The idea for producing musical sounds using a bow fitted with horsehair is thought to go back at least a thousand years to the nomadic horse cultures of Central Asia, while the modern violin bow was perfected in the mid-to-late 1700′s. With this rich history, bows are a fascinating mix of engineering, material, and refined craftsmanship and an essential element in bringing any great violin to life. And why this interest in bows? With two dedicated teenage violinists in the house, bows are just a part of my life. From replacing or repairing the protective bone tips, to re-gripping the leather holds, to regular re-hairing, I’ve gotten to know and appreciate the intricate beauty and engineering of this amazing bit of of woodworking. Anyhow, I recently re-haired both girls bows and thought you might enjoy a peek into what this is about.
Update 10/3/2013: It should be said that bow work is rather tricky and quite delicate and if you are interested in trying this yourself, be certain your bow is a cheap one — you could easily suffer a complete fail until you have gained experience! (Thanks to Andrew Bellis’ comment for pushing this point). The following is not meant as a tutorial, simply a chronicle of some of the work that I do.
Well, here’s a bow and a very handy fixture for securely holding the bow while it’s being worked on. It’s made to gently clamp the bow at the tip and frog end (the ebony grip is called the frog) and accommodate various length bows.
After inspecting the bow, I remove the frog from the stick and fold back the hair at the tip end in order to remove the small wooden plug that secures the hair to the bow tip. The plug should not be glued in. It’s unique compound wedged shape allows it to lock in place due to the pulling action of the hair. Sometimes, however, it takes a bit of digging to remove the plug. If it stays intact then I may reuse it.
The small triangle of wood is called the spreader — it serves to do just that — spread the hairs into an even band. A drop of glue holds it in place and as a result they often get ruined during removal. I always replace these anyhow to ensure a proper fit with the new bundle of hair.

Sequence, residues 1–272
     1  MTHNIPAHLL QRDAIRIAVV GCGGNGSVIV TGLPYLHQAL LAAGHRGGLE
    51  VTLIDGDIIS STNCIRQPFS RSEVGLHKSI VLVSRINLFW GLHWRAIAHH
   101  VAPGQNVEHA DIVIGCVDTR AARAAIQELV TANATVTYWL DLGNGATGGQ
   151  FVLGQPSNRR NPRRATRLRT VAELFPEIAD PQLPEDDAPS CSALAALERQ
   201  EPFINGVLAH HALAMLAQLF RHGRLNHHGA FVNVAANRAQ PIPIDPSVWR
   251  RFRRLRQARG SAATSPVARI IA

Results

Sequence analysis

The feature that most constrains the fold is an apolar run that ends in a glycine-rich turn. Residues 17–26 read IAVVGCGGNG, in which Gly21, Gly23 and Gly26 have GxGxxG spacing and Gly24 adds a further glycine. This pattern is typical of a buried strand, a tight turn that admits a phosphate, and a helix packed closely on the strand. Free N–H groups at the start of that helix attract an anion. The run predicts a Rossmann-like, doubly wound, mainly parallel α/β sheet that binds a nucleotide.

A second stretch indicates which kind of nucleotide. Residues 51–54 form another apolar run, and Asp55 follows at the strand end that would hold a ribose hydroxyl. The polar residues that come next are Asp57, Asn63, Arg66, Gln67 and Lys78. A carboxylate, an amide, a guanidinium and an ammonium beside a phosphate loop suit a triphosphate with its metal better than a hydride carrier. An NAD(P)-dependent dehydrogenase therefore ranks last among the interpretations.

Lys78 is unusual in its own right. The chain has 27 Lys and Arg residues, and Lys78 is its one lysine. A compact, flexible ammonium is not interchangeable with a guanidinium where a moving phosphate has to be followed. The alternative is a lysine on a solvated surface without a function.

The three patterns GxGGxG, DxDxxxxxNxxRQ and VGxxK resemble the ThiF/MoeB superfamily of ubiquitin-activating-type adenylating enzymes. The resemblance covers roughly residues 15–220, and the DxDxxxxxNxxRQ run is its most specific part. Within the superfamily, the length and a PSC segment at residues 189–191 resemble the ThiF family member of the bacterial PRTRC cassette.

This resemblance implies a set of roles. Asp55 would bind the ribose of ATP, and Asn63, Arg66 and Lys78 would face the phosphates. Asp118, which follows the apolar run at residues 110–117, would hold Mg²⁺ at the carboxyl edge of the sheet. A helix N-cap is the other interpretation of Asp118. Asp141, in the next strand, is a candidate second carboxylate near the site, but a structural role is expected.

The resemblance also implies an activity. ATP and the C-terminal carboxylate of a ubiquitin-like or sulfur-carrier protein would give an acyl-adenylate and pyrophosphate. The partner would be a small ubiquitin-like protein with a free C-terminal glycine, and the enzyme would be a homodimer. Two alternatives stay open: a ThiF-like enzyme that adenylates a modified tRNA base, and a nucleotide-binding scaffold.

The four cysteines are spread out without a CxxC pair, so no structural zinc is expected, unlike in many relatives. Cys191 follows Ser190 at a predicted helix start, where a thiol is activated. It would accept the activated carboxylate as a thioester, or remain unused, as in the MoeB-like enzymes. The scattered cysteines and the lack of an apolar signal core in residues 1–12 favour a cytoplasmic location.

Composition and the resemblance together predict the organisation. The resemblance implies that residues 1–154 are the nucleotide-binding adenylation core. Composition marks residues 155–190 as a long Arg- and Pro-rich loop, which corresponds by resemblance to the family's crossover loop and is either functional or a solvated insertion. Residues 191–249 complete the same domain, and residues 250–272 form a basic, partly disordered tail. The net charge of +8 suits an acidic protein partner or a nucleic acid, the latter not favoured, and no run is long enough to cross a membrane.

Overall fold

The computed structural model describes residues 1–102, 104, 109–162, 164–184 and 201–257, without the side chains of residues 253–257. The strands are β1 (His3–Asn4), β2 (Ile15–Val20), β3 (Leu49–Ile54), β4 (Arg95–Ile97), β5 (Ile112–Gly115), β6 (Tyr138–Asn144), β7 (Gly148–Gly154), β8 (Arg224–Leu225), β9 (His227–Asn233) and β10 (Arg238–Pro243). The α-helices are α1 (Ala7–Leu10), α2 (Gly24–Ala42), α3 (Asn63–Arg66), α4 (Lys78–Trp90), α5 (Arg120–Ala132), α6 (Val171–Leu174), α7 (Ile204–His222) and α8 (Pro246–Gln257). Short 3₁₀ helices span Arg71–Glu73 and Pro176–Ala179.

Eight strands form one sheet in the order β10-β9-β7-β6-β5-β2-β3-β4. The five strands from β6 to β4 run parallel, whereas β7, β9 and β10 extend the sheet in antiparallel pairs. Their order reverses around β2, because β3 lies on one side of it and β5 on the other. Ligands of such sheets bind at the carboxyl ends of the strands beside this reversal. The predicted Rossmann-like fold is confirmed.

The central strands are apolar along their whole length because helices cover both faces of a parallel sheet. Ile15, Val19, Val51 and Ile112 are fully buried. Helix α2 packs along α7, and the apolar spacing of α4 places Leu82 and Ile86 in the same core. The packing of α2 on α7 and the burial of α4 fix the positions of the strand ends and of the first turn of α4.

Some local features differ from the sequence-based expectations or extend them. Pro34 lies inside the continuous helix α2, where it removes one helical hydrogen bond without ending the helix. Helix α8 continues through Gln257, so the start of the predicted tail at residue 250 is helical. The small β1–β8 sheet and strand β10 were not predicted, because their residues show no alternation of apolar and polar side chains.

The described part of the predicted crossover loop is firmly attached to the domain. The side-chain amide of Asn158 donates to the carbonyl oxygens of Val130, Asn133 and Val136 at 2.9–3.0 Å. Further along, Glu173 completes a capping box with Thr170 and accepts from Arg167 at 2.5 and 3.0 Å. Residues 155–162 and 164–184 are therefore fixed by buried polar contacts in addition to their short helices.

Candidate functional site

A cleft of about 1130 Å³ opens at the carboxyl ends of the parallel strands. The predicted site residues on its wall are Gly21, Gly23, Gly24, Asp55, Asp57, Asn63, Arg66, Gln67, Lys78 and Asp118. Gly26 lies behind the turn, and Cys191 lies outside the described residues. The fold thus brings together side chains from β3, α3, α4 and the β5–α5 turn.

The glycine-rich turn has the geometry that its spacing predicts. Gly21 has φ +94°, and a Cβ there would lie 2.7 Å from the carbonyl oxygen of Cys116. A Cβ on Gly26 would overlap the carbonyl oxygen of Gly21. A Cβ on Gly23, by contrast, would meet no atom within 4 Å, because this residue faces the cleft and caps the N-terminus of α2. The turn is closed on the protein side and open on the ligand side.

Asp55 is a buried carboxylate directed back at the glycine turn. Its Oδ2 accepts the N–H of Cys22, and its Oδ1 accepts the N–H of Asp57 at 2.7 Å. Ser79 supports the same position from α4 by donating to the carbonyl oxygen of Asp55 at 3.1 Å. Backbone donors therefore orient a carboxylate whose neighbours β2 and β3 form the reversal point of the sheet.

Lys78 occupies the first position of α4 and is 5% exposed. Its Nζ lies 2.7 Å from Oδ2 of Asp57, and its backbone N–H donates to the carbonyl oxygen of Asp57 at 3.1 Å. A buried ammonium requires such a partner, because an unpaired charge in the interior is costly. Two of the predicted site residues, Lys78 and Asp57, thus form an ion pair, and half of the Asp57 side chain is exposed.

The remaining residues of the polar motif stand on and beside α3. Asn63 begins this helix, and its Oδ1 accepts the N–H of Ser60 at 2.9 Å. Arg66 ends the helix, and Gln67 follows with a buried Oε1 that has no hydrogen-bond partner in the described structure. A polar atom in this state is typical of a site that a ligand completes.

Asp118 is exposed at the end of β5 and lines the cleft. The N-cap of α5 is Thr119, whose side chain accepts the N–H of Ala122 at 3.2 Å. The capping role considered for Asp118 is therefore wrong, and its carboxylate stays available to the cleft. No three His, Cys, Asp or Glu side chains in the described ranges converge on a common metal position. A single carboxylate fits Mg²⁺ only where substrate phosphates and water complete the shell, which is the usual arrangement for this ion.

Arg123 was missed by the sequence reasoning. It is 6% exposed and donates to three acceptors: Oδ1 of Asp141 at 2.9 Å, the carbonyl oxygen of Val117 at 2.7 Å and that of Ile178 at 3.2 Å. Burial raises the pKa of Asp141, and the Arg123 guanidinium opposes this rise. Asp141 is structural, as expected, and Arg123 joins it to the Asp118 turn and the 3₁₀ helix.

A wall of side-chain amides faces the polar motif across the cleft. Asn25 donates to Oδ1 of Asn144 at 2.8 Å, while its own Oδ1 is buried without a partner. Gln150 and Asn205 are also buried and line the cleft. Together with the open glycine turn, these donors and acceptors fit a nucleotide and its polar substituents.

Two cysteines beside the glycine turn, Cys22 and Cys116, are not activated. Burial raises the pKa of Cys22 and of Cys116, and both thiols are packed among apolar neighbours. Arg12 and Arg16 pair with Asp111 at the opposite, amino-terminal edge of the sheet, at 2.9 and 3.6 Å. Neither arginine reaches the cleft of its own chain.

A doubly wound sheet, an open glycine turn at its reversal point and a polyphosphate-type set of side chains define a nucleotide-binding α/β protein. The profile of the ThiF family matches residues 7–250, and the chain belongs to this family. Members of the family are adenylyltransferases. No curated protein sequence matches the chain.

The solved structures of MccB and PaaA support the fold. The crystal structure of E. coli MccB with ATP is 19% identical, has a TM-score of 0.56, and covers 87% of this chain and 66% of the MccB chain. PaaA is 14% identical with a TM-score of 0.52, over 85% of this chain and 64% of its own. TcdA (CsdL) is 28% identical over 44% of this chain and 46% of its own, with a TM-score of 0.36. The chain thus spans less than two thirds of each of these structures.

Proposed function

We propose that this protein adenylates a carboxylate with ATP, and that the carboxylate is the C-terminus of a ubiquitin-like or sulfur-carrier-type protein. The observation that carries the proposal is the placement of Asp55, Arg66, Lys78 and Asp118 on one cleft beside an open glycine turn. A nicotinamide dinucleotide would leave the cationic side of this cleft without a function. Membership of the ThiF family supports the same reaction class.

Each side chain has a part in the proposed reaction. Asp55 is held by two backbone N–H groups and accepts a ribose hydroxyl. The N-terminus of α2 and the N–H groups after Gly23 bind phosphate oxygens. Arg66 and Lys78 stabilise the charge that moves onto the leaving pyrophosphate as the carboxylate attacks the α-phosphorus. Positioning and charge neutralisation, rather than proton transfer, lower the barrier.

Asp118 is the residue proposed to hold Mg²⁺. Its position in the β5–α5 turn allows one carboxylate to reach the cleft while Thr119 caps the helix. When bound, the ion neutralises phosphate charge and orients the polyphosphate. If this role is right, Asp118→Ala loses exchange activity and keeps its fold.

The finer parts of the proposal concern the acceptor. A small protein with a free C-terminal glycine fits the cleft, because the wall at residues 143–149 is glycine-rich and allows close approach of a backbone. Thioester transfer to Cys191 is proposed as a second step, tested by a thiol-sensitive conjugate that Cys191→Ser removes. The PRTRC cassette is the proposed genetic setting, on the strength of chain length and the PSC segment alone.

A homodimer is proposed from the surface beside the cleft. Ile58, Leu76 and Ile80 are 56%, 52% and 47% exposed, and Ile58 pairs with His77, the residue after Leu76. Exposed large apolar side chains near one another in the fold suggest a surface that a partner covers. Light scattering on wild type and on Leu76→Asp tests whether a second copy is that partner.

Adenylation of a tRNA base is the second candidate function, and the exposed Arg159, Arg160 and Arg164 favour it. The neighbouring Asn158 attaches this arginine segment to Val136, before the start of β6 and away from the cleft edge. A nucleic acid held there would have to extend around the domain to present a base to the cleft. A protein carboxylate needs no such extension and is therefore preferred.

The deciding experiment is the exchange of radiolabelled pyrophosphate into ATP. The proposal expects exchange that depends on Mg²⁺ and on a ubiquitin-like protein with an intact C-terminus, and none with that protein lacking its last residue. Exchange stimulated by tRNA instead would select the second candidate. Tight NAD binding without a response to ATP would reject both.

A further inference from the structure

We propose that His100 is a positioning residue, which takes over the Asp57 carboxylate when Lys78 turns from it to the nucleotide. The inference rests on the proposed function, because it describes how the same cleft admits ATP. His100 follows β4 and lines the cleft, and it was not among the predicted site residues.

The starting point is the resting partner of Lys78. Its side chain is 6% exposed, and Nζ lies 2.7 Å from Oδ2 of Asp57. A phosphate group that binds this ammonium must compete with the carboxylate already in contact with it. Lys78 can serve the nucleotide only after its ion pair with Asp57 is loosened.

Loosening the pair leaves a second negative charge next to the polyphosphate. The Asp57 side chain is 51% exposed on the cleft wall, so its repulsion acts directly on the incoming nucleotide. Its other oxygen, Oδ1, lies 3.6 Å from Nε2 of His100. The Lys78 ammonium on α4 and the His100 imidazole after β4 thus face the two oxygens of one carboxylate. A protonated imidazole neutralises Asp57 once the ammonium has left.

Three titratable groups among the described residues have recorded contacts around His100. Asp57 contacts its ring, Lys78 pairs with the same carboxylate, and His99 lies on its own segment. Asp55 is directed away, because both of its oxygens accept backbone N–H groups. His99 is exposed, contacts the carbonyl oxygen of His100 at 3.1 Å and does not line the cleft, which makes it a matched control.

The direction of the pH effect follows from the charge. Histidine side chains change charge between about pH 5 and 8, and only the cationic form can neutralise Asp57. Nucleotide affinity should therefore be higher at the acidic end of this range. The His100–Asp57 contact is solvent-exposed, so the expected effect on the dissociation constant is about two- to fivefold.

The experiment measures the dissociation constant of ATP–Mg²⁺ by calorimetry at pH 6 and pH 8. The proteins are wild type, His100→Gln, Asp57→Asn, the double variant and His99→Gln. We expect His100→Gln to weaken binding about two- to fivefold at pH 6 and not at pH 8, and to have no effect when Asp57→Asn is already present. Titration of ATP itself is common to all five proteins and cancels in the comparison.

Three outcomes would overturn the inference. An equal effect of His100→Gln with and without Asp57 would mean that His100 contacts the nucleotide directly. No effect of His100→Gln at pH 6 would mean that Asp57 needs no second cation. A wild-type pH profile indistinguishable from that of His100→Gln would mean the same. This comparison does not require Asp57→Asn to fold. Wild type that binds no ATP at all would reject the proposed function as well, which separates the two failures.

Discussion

The frog is carefully cleaned, metal parts polished, and the channels for the slide are lubricated with graphite (pencil). After selecting and measuring a new hank of hair I tie the end off tightly with very strong thread. I use three clove hitches — a self binding knot – finished off with a reef knot.
Then the rosin is melted into the hair, using an alcohol lamp, while the heat also serves to swell the hair ends, locking them firmly in place. All of these efforts are taken to prevent hairs from pulling out while the bow is in use.
Then insert the plug to capture the hair bundle. I reused the old one which was made of hard maple and still seemed serviceable despite the small chip in the corner. I always give firm pressure on the hank of hair at this point, simulating use, to be sure that the plug is working properly and will hold the hair in place.
Next, I wet the hairs, comb and tension them and tie off the frog end. Now is the time to thread the ferrule onto the hank. Slide it up out of the way. Then the plug is inserted to capture the hank in the frog.
The frog is installed on the stick. The abalone slide is slipped into place and the ferrule is put back on — it goes on easily without the pressure of the spreader clamping it. Here is some mahogany that has been shaped for a spreader. I insert it as is and mark and score it a little oversize for length.
Finally, a dot of glue goes on the tip that will be against the ebony of the frog. the spreader is inserted into the ferrule, separated at the score mark and the hairs carefully fanned out and evenly distributed. Then the spreader is pushed all the way home.
It’s a good job if the bow hairs all tighten up evenly when the bow is tensioned and all the hairs are properly aligned.
Until next time!